OCC: conservation tips

Conservation Tips

 
  • Air Conditioning - An average central air conditioner can cost up to 58 cents per hour to operate.  In contrast, a fan (ceiling or portable) costs only one cent an hour to operate.

  • Computer - A typical computer and monitor consume about one kilowatt-hour of power in seven hours of operation.
  • Dishwasher - Running the dishwasher once a day fully loaded uses about 17 gallons of hot water.  Washing dishes by hand three times a day uses about 10 gallons of hot water each time.
  • Faucet - A dripping faucet can waste as much as 20 gallons of water a day.   A 1/16 inch trickle in a toilet can waste 74,000 gallons of water in three months.

  • Furnace - Check and service your furnace and air-conditioning units once a year.  Change the filter in forced air heating systems each month, and close vents in rooms not often used.

  • Insulation -  Installing insulation is generally one of the best things you can do to reduce your home's heating and cooling costs.  Up to 20% of your home's heating or air conditioning can be lost to the great outdoors.  Proper insulation will keep your home warm in winter and cool in summer.

  • Lighting accounts for nearly 25% of all electricity consumed in the United States.  An average household dedicates about 10% of its energy budget to lighting and almost half of that energy is wasted by obsolete equipment, inadequate maintenance, or inefficient use.  You can save lighting energy by reducing the length of time the light is on or by using watt-saving bulbs.  They give off the same amount of light as regular bulbs but use 10% less energy.

  • Oven - Every time you open your oven's door, you lose approximately 25 degrees of heat.  A gas oven can retain heat up to 15 minutes after it is turned off; an electric oven up to 30 minutes.  Take advantage of this extra heat to warm up desserts or rolls.  Keep oven free of grease and baked on residue.
  • Refrigerator coils should be cleaned regularly.  Also check refrigerator door seals by closing the door over a piece of paper so that it is half in and half out of the refrigerator.  If you can pull the paper out easily, the latch may need adjustment or the seal may need replacing.  Use the correct thermostat settings.  For maximum efficiency set your refrigerator controls between 38 and 40 degrees Fahrenheit and set your freezer controls at zero.
  • Thermostat - In winter, the best temperature for your heater's thermostat is 68 degrees Fahrenheit or below.  Before bedtime, turn it down to 55 degrees for more savings.  In summer, set the air-conditioning thermostat at 75 to 78 degrees when you're home and at 80 degrees when you're away.

  • Range - Pans with flared sides or bottoms that are smaller than your burner let heat escape.  If pots and pans are too big or have warped bottoms, your food won't cook evenly.  Electric range-top burners can stay hot for an extra 3 to 5 minutes.  Take advantage of this extra heat to warm food.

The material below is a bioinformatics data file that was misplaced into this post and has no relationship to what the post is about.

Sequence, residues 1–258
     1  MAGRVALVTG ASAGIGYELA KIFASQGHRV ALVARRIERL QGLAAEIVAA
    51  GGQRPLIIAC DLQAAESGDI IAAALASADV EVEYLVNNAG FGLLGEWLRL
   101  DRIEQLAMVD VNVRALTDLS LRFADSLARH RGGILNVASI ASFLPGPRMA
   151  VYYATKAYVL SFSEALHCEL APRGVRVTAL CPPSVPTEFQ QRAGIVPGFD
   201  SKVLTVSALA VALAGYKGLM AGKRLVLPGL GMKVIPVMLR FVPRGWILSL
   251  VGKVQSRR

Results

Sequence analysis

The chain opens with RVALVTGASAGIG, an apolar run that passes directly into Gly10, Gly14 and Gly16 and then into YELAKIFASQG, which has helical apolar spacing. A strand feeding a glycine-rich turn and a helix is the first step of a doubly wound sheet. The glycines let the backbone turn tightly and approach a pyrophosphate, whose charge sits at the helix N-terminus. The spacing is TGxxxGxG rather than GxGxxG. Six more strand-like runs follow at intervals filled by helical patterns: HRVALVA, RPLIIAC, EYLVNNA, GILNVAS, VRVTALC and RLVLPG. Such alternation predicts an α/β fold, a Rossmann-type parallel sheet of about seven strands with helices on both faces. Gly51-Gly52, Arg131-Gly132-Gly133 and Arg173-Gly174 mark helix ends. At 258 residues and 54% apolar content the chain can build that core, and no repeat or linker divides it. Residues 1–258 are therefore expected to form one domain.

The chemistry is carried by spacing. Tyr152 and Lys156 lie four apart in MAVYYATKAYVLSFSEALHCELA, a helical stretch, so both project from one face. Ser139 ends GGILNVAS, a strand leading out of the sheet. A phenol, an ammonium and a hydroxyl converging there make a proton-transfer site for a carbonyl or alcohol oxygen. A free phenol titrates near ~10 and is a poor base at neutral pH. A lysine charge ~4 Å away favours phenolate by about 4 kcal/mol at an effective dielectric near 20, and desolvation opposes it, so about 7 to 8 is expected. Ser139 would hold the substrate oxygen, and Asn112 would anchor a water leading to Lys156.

• Washer/Dryer - Wash and dry full loads.   More than 70 percent of the cost of washing a load of laundry is in heating the water so use cold water whenever possible and always rinse in cold water.  Clean your dryer's lint screen after every use.
  • Water Heater - To work most efficiently, your water heater thermostat control should be set between 120 and 130 degrees Fahrenheit.  If your water heater feels warm when you touch it, you should consider buying a water-heater blanket.
  • Windows on the sunny side of your home should be shaded to keep rooms cooler.   Keep drapes closed or add room darkening shades to block out the heat from the sun.

WATER CONSERVATION

Water is often called a renewable resource, but what does that really mean?  Is water an unlimited resource?  What happens to water after it is used and how can you keep from wasting water?  Think about all the ways water is used in your home.  How much water do you and your family use at home every day? 

The table below will help you calculate the amount of water used in your home daily.  It will also help you to determine how you are wasting water.

TYPE OF USE MEASUREMENT
Using water from a tap 1.5 gallons per minute
Clothes washer 30-36 gallons per cycle
Dishwasher 25 gallons per cycle
Shower 2.5 gallons per minute
Bathtub 50 gallons
Toilet 3.5 gallons per flush
Low-flow toilet 1.6 gallons per flush

Check the water conservation tips below to determine how you can conserve this precious resource.

  • Tap Water - When using water from a faucet, do not let the water run while you are rinsing dishes, brushing your teeth or shaving.  A dripping faucet can waste as much as 20 gallons of water a day.

  • Washer - Wash full loads only.   More than 70 percent of the cost of washing a load of laundry is in heating the water so use cold water whenever possible and always rinse in cold water.

  • Dishwasher - Running the dishwasher once a day fully loaded uses about 17 gallons of hot water.  Washing dishes by hand three times a day uses about 10 gallons of hot water each time or 30 gallons total.

  • Shower - Take shorter showers.  Turn the water off while you soap.  A five-minute shower uses about 12.5 gallons of water while a bath uses 50 gallons.

  • Toilet - A standard toilet uses about 3.5 gallons per flush while a low-flow toilet uses only 1.6 gallons per flush.  A 1/16 inch trickle in a toilet can waste 24,000 gallons of water in a month.

 



Content Last Modified on 4/26/2013 9:50:00 AM